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November 1988

Splenectomy in Agnogenic Myeloid Metaplasia and Postpolycythemic Myeloid Metaplasia: A Study of 34 Cases

Author Affiliations

From the Departments of Hematology (Drs Brenner, Nagler, and Tatarsky) and Surgery B (Dr Hashmonai), Rambam Medical Center, and the Faculty of Medicine, Technicon, Israel Institute of Technology (Drs Brenner, Tatarsky, and Hashmonai), Haifa, Israel.

Arch Intern Med. 1988;148(11):2501-2505. doi:10.1001/archinte.1988.00380110129028

• A retrospective analysis of 34 successive splenectomies in 137 patients with myelofibrosis was carried out. Indications, complications, and response to splenectomy were compared between 22 patients with agnogenic myeloid metaplasia (AMM) and 12 patients with postpolycythemic myeloid metaplasia (PPMM). Painful splenomegaly, refractory hemolytic anemia, and refractory thrombocytopenia were the common indications for surgery. The best results were obtained for painful splenomegaly. For the other indications, half to three fourths of the patients improved with splenectomy. An increased incidence of excessive hemorrhage, infected hematoma, and early mortality was more common in the PPMM group and was found to be connected with large spleens, prolonged bleeding time, and prominent thrombocytopenia. Persistent thrombocytosis after surgery was more common in the AMM group. Leukemic transformation seemed to be related to thrombocytosis and to prior therapy with alkylating agents. Median survival following splenectomy was 43 months in the AMM group and 32 months in the PPMM group. We conclude that splenectomy has a role in improving the quality of life by ameliorating mechanical discomfort and decreasing transfusion requirement in the late phase of AMM. However, in patients with PPMM, because of the high complication rate, splenectomy should be carefully considered for specific indications on an individual basis.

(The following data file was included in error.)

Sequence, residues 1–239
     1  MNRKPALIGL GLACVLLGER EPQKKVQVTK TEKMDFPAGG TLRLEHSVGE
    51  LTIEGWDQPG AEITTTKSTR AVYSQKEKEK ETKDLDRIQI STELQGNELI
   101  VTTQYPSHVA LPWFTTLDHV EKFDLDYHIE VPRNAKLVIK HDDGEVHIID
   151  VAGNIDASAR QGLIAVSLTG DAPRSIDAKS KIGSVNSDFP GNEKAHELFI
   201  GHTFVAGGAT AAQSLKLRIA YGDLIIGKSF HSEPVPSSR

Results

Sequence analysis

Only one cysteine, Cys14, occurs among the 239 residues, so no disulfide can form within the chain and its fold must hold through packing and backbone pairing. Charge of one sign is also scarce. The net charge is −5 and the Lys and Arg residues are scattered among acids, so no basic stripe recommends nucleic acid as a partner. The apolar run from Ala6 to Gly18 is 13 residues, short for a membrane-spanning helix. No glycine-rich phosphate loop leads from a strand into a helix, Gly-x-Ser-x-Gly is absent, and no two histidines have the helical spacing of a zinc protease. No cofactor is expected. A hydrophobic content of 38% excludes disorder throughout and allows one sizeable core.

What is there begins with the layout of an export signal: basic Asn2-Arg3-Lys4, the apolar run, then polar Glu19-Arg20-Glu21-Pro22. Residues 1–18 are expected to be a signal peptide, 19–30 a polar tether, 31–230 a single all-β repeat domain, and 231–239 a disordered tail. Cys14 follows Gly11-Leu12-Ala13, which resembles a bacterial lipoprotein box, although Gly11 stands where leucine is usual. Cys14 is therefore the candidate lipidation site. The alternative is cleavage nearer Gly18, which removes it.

(Arch Intern Med 1988;148:2501-2505)

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